One of the key issues I face in the realm of teaching self defense is the misconception that self defense equals violence. Given that we are a society that abhors violence of all stripes irrespective of its occasional necessity in our lives, recruiting students for a self-defense class becomes difficult at best and impossible at worst. If people equate self defense with violence, the natural outcome of recruitment is classes with one or two students who, we hope, will stick around for the duration of an 8-week 16-hour course. Avoiding violence is preferable to learning it.
There is, however, a problem with this public perception: self-defense is actually about 98% non-violent. Violence is what happens when self-defense fails.
I assign blame for this perception to the over-zealous self-defense instructors who bill their programs as a pathway to stopping any attacker with devastating techniques. They promote the violent aspects of their course – the knockout blows, the knees to the groin, the shattered eardrums – without acknowledging what actually constitutes self defense – awareness, self-restraint, and the ability to suppress the ego and walk away.
A legitimate self-defense course is going to spend the bulk of its meeting time covering ways to AVOID violent encounters. Regardless of the bunk being spewed by liberal institutions nationwide (here in the US, anyway. My international readers can otherwise inform me if their countries perpetuate a different narrative), there are relatively simple methods to avoiding violence. There are ways to prevent being raped. There are ways to prevent getting your ass kicked. There are ways to avoid being the victim of theft or carjacking. And all of them involve changing – and sometimes restraining- personal behaviors.
So let’s talk self defense for a bit. How do we avoid violent encounters? There’s really no secret here; it is a simple matter of common sense.
Pay Attention – this is not a particularly complicated subject. Look around wherever you go. That does NOT mean skulk around in a paranoid state all the time. Instead, take occasional quick looks around and behind you as you walk. Don’t stare at your phone as you walk. Don’t listen to music through headphones as you jog. Of course there is more to awareness than this short paragraph, but these are some simple first steps.
Talk Less – few things will get you in trouble faster than your mouth. Sounding off on someone for what you perceive as annoyances or insults will have a fairly predictable result. Smart-assed comments hurled at others will gain unwanted (and usually hostile) attention. Thus, when that guy takes ‘your’ parking spot or bumps into you at the mall, keep it quiet and move along. If you find yourself on the wrong side of an aggravated soul who has decided that you have wronged them, just remember that there is no winning in having the last word. Let the bigmouth say what he wants to say and be done with it. The more you talk, the more you run the risk of giving the actual aggressor a self-justified reason to beat you senseless.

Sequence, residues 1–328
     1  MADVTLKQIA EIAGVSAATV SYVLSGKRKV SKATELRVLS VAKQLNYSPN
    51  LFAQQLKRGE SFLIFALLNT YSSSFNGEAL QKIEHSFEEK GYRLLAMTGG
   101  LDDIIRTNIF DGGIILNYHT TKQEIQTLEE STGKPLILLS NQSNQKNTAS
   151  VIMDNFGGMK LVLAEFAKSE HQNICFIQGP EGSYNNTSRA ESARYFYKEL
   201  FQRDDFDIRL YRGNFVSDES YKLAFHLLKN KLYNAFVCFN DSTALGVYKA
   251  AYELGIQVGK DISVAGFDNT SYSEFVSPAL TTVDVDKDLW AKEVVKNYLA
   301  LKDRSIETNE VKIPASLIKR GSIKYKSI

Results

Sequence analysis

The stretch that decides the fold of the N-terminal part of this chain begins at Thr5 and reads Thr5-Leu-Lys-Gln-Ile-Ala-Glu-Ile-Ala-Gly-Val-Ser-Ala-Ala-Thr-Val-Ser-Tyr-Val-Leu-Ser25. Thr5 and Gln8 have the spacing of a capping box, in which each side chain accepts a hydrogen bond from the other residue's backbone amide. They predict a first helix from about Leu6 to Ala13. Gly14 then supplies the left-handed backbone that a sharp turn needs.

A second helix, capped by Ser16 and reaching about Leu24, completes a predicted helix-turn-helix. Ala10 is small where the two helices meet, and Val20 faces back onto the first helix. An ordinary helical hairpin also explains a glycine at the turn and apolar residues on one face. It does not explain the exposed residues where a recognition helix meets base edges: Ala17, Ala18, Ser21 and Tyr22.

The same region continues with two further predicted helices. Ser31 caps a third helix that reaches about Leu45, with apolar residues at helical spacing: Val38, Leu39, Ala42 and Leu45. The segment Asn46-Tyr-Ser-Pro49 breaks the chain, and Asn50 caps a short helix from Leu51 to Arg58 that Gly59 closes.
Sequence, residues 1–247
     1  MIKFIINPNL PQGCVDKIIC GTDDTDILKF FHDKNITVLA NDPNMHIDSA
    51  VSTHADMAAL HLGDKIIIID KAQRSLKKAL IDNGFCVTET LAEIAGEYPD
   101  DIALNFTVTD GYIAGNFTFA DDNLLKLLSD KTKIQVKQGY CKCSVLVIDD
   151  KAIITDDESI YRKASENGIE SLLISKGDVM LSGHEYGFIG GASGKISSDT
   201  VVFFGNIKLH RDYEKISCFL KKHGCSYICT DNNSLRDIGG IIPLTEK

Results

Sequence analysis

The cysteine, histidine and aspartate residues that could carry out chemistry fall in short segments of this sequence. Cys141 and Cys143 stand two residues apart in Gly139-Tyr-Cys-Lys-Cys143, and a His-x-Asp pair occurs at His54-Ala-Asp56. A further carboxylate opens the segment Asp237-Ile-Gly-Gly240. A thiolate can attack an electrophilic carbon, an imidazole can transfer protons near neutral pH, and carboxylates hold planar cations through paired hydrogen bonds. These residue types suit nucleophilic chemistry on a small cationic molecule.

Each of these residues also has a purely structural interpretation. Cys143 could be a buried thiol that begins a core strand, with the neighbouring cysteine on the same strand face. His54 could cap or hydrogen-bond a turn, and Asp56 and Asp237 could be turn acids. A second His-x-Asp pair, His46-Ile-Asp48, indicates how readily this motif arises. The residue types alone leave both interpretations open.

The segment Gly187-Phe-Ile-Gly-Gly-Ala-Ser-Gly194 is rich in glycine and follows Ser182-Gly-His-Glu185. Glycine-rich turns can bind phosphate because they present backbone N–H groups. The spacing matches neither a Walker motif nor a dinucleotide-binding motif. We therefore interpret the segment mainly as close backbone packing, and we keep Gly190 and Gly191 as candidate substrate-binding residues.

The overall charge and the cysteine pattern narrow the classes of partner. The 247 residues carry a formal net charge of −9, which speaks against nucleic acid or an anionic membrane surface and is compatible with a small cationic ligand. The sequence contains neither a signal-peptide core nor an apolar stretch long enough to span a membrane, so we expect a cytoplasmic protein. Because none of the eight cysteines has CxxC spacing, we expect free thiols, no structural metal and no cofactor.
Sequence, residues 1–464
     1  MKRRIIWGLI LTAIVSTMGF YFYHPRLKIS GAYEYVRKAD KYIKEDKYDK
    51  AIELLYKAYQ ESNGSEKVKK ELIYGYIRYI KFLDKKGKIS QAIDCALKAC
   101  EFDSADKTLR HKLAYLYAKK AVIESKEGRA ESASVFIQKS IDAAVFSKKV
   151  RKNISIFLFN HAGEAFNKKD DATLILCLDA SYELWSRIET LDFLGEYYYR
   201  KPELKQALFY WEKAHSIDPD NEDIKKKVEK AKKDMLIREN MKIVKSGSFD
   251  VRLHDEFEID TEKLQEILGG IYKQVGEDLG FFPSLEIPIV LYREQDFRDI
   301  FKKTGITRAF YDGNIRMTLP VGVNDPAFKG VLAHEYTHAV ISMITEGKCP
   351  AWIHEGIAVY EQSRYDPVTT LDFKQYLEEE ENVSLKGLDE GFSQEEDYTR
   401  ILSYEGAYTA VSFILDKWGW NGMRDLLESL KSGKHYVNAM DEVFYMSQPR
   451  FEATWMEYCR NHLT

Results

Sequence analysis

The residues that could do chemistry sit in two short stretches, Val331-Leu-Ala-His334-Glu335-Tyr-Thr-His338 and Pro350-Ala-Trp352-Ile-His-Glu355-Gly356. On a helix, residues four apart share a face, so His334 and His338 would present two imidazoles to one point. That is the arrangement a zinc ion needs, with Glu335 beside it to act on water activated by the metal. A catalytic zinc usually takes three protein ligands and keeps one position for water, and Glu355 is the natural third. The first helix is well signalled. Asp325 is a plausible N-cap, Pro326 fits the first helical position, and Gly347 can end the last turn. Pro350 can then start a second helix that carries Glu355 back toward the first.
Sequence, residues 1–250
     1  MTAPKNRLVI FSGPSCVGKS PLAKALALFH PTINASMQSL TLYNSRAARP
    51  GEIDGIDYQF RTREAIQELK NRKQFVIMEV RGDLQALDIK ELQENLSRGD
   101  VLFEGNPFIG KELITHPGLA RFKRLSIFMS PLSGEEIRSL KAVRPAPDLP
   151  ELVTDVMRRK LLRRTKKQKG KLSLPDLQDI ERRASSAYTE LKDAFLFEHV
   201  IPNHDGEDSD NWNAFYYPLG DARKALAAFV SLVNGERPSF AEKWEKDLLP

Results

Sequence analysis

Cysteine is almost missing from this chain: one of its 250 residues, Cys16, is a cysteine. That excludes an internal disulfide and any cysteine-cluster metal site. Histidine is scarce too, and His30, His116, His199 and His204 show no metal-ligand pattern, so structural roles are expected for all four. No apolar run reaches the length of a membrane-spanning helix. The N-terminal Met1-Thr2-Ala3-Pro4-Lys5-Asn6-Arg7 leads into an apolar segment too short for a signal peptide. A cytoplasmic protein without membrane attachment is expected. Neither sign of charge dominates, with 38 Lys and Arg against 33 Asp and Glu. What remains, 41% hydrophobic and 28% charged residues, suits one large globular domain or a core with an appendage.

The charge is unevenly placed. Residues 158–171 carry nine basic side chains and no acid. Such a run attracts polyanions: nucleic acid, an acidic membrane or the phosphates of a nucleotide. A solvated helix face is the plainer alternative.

Apologize, and Mean It – If you have earned the unwanted attention of an aggressor, apologizing is a legitimate tactic for avoiding potential violence. Men are particularly territorial, so challenges like, “What are YOU looking at, butthead?” are fairly common. Responding in kind is the start of a potentially violent encounter. A better response? “Sorry, man. I just had a long day at work and zoned out. Nothing personal here. Can I get you a beer or something?”
Have Fun, but Control Yourself – I went to college. I know what the party scene is like. I also know that the parties are just as much fun (sometimes more fun) without getting falling-over drunk. Any time you lose control of your faculties, you run the risk of experiencing harmful fallout. This is true for both men and women. Men get sauced and feel inclined to engage in games of social dominance. Women get sauced and become the targets of men who see opportunity in weakness. (An aside: Spare me the lecture about how ‘men should not rape’. I agree entirely, but until we live in a world where men do NOT rape, let’s exercise some natural protections, shall we?) The obvious solution: don’t get sauced. Over-consumption of alcohol is a disaster waiting to happen. I have seen the most austere and respectable people turn into a complete asses when that one glass of wine turned into 4 glasses of wine. Couple that with other people who have been drinking, and the table is set for trouble. Drink in moderation, enjoy yourself, but be ready to leave should others not show similar restraint.
Don’t Go Places Where Bad Things Happen – If a place has a history of trouble, why in the world would you go there? There are bad parts of town where I live. I don’t go to those parts of town without a damned good reason. I also don’t walk through dark alleys. Or go to seedy bars. Or 24-hour convenience stores. Or ATMs at night. Some places just have a reputation for being dangerous. The simple solution is to avoid being there.
Self-defense isn’t a physical act. Violence is. A decent self-defense class will include instruction in the nuances of the above topics. A class being billed as personal protection or self-defense that fails to cover these topics is actually a class about fighting. That’s not necessarily a bad thing – fighting ability is a valuable skill to possess and a great form of exercise – but it is not true self defense.
If you exercise a few simple habits of restraint in your everyday life, you will find the potential for violence is reduced dramatically. Most of the violent encounters people experience can be avoided. It is the relative minority of events that actually require someone to engage in violent physical defense.